Uber agrees to temporarily suspend service in Portland

Portland sues Uber
Portland sues Uber

Uber is standing down for the next three months in Portland, just one of the cities where it has run into trouble.

The company said it would stop picking up customers there for three months after the city sued, asking a judge to order Uber to stop operating until it is in compliance with safety, health and consumer protection rules.

But Uber fully expects to be back. In fact, this could be good news for Uber fans in the long-run.

The city has agreed to update its laws, creating a new regulatory framework for companies like Uber that tend to fall somewhere between a taxi and a ridesharing service. People use it by requesting a driver with a smartphone app.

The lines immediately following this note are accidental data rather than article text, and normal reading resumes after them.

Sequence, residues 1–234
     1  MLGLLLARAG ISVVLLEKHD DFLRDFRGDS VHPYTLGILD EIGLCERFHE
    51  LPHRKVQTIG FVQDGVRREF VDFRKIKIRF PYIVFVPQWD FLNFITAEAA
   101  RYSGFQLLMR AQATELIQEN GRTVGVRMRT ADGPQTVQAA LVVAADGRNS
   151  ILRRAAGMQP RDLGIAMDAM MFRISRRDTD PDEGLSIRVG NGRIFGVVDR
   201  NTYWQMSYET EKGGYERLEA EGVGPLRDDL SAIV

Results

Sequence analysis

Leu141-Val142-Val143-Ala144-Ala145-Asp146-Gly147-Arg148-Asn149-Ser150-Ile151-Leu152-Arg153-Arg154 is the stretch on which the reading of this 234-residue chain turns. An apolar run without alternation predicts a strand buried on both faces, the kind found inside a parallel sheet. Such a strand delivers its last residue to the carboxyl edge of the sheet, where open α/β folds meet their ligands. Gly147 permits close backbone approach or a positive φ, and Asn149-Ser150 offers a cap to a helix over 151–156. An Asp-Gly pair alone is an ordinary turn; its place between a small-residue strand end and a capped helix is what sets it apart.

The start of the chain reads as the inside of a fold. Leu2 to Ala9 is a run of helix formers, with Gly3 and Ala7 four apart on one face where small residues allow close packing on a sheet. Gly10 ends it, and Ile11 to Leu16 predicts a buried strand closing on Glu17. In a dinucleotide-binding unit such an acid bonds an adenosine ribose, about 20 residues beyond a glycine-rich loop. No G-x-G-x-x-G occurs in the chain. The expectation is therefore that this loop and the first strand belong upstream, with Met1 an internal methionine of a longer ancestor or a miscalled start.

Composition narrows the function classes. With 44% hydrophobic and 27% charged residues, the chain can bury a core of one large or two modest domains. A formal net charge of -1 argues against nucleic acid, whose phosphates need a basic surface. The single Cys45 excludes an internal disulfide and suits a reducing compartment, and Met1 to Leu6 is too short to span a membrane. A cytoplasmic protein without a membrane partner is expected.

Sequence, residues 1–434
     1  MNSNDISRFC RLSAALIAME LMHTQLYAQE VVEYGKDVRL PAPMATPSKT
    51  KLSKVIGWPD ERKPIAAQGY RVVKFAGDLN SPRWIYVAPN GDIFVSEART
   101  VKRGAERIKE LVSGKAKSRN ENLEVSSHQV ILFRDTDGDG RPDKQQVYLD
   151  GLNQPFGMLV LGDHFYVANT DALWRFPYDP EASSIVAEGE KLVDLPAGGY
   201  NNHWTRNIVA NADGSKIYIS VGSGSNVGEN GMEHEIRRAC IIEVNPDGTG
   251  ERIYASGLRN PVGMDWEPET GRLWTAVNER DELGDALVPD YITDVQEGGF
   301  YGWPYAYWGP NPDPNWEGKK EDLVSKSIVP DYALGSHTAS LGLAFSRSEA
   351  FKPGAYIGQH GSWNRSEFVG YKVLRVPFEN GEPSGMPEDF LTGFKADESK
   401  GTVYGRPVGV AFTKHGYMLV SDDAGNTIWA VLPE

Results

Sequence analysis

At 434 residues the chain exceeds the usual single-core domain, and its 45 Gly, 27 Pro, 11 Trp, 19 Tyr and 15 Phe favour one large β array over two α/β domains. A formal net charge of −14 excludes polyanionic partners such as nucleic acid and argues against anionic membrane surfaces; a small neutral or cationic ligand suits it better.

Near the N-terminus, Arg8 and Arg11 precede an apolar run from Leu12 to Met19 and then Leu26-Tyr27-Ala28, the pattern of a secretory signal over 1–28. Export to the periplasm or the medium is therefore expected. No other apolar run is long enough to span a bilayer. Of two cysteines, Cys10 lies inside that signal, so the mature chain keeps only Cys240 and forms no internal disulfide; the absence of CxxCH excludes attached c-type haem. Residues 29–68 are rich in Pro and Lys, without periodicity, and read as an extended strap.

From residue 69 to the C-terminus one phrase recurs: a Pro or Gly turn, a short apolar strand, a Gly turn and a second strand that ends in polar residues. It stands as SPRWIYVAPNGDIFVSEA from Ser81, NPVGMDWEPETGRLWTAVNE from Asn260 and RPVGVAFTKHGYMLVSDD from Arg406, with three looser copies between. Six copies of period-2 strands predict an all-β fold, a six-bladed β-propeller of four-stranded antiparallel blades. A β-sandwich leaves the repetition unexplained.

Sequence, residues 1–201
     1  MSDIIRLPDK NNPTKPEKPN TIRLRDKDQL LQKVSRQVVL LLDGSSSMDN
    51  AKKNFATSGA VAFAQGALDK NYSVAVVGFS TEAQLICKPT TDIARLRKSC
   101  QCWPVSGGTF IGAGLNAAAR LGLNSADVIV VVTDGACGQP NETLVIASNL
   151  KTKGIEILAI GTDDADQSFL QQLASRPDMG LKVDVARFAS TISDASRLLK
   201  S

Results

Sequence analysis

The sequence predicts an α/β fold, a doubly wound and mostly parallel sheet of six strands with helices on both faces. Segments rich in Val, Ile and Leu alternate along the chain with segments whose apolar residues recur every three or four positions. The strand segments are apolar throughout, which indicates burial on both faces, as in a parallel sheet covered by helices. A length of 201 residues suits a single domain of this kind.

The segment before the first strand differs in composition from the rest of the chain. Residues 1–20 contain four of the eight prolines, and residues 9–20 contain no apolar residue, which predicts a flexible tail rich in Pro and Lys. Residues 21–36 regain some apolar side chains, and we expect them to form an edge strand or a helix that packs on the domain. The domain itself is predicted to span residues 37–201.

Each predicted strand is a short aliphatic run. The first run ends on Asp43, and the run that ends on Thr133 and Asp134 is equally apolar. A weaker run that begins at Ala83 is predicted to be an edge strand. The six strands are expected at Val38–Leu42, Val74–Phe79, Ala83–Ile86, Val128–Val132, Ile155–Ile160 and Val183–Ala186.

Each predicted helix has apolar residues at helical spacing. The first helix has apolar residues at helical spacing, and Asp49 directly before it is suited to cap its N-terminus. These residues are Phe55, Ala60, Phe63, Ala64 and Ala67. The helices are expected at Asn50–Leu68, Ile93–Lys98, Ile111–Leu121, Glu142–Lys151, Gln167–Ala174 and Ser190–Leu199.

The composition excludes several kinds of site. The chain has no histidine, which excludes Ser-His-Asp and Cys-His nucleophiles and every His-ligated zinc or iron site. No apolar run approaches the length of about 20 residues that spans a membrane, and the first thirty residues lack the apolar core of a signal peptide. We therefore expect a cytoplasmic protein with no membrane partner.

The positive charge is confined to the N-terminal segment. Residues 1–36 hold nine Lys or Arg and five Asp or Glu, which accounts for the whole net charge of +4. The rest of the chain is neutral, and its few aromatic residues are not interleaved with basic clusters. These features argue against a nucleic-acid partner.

Related: Uber's global ambitions hit roadblocks

Uber, which operates in 60 cities across 21 countries, has run into problems because its drivers do not always meet the city's regulations for taxi and car services.

Last week, for example, a judge in Spain temporarily blocked Uber because the Madrid taxi service said it was unfair to competition and not properly licensed.

Uber wins battle in France but war not over
Uber wins battle in France but war not over

The mayor's office said it will set up a task force and present its findings at the April 9 council hearing. If new regulations are not available by then, the city will allow Uber to operate while it continues to work on the new regulatory framework.

Uber will stop picking up customers in Portland on Dec. 21, but said it will still operate in other parts of the metro area, including Beaverton, Gresham, Hillsboro and Tigard.

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